Queen’s Park Football Club and the Great War

​Researching Queen’s Park and the Great War
 
At the entrance to the Scottish Football Museum at Hampden Park sits Queen’s Park Football Club’s War Memorial.  The memorial lists the 216 members of the famous Glasgow amateur club who served in the First World War.  The vast majority of these members were current or former players of the club.  No other club in Scotland, and probably the UK, had as many players serve in the war as Queen’s Park.
 
While most people associated with Queen’s Park were aware of the War Memorial, very little was known about the 216 individuals named, of whom 29 lost their lives.  When commemorative events were being staged to mark the hundredth anniversary of the start of the Great War, it became clear that the part played and the sacrifices made by Queen’s Park members deserved greater prominence.  A committee member of the English touring side Middlesex Wanderers, a club which has close ties with Queen’s Park, produced a paper about the involvement of some players with Queen’s Park connections in the war and I volunteered to build on his research on behalf of Queen’s Park. 
 
The challenge I faced in sourcing information about the individuals on the War Memorial was very similar to that encountered by people beginning to research their family tree, except on a larger scale.  I basically had to start from scratch.  Other than R S McColl, of newsagent chain fame, none of the Queen’s Park players who fought in the war are known to today’s football fans.
 
Queen’s Park’s records relating to the Great War period were destroyed in a fire at Hampden.  The only information available to me was the list of names on the War Memorial and records of the names of players who had made competitive appearances for the club.  Sometimes the appearance records included the player’s first name but more often than not there was simply an initial.  Queen’s Park fielded four teams so the majority of players never made a first team appearance. 
 
The sources I accessed in my research will be familiar to genealogists.  Scotland’s People and Ancestry were very useful and, of course, the newspaper archive at the Mitchell Library is immensely valuable.  As can be imagined, military records were particularly important.  The Forces War Records and Commonwealth War Graves Commission websites were extremely helpful, as were regimental and war memorial records.
 
As family historians know all too well, it is much easier to trace people with uncommon names.  At the time of the Great War, there was not the variety of names we have today.  The range of forenames among men was very limited.  This has made it well nigh impossible to check on a number of the Queen’s Park members who served in the war.  For example, one of the former players who died was Private John Stevenson of the Highland Light Infantry.  There were at least four soldiers of that name in the HLI who died in the war and, as yet, I have been unable to identify which one is the Queen’s Park member.   There is a Private John Stevenson listed on the Rutherglen War Memorial.  Could that be our man?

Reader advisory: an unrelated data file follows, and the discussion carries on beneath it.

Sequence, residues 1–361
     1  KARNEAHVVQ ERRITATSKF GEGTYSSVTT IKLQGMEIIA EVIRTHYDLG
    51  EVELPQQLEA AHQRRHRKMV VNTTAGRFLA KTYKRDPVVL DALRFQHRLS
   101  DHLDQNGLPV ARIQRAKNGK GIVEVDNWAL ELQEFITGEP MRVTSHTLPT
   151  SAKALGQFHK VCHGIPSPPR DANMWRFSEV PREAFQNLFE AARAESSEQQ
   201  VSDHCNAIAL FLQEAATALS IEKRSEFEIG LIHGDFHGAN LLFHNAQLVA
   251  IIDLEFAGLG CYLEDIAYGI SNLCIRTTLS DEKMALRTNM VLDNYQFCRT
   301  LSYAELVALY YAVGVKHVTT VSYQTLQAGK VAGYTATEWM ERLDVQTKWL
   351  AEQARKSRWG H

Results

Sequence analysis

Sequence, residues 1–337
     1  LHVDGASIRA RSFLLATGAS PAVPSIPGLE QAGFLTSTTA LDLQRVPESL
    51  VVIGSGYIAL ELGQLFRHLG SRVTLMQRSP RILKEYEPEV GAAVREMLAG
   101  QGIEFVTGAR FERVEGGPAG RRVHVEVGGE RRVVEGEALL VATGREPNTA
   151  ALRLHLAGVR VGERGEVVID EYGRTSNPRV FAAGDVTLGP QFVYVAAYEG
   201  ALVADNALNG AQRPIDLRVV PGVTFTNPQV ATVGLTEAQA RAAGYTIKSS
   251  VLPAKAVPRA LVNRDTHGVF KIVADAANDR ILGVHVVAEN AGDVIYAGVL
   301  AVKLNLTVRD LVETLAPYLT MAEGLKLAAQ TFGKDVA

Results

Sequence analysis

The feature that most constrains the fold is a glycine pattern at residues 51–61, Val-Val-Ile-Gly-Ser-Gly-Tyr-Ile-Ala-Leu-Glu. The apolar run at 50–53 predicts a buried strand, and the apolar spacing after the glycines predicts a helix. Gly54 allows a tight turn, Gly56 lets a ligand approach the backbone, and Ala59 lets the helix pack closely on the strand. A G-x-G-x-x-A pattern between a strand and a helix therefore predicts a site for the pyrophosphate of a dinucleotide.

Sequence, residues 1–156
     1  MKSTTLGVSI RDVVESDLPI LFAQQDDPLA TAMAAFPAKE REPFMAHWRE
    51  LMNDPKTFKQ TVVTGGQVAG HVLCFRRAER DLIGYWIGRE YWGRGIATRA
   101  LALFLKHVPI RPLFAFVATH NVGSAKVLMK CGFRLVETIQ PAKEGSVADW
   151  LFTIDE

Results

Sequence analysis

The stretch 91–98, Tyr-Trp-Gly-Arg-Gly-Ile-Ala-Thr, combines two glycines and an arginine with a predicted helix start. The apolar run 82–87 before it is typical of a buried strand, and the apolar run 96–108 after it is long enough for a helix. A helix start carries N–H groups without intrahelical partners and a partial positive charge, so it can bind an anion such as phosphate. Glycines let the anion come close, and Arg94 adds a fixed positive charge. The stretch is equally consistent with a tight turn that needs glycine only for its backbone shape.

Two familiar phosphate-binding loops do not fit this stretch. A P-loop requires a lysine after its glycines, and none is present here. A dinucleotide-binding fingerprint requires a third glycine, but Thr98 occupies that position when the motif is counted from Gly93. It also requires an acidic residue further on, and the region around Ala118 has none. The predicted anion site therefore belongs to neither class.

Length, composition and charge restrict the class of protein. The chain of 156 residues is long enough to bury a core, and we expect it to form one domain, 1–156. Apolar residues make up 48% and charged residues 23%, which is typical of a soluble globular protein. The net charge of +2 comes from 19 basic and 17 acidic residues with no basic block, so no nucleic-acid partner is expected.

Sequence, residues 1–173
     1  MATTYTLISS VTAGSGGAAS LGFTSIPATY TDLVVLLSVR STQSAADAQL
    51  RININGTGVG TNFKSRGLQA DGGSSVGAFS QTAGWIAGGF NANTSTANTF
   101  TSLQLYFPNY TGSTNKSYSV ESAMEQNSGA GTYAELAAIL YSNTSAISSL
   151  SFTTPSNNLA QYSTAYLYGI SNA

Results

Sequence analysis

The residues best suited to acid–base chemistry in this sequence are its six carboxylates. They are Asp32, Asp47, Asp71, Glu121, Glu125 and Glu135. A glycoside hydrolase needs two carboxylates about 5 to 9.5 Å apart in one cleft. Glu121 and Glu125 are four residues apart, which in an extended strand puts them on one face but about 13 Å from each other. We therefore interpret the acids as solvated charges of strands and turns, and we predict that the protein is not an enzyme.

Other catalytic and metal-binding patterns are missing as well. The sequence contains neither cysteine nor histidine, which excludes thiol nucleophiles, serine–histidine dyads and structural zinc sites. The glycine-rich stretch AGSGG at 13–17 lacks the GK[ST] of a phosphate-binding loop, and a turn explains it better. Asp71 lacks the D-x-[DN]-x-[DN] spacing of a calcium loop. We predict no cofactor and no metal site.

Four Queen’s Park players were killed on the first day of the Battle of Loos on 25 September 1915, with a fifth dying of his wounds in a prisoner-of-war camp in Germany a couple of weeks later.  Although my research was far from complete, Queen’s Park decided to publish an initial draft paper on the club’s website.  The club wished to recognise the loss of these men on the hundredth anniversary of the commencement of the battle.
 
Pleasingly, there was a positive response to my draft paper when it appeared on the website.  A Queen’s Park member with a particular interest in the Great War came forward and has now contributed greatly to the ongoing research project.  In addition, several relatives of members who served got in touch with the club.  These include the octogenarian son of a member who won two Military Crosses; the grandson of a member who was awarded the Distinguished Service Order; and the grandson of a member who lost his life in the conflict.  In addition, relatives of former players who had turned professional and were no longer eligible for membership of Queen’s Park have made themselves known.
 
Queen’s Park Football Club has a history second to none in the world of football and the extraordinarily high number of members who volunteered for service in the Great War is a significant part of that history.  It is intended to continue to work on developing the stories of those brave men until the hundredth anniversary of the end of hostilities in November 2018.  Hopefully, many more descendants of the 216 members who served and of the many former Queen’s Park players who had turned professional will come forward and allow us to build as complete a picture as possible.
 
Queen’s Park were not, of course, the only club to have players serve in the forces in World War One.  The other senior Glasgow sides – Celtic, Clyde, Partick Thistle, Rangers and Third Lanark – also made a significant contribution to the war effort, as did the many rugby, golf and bowling clubs and other sporting bodies.  A huge number of people in Scotland will have had grandparents or great-grandparents who were active in sport and who participated in the Great War.  Family historians with the necessary time and patience could find this a rewarding area of research.
 
If you have any information about Private John Stevenson, or would like more information about this work, please contact secretary@queensparkfc.co.uk.
Frank McCrossan
December 2015
 
 
 
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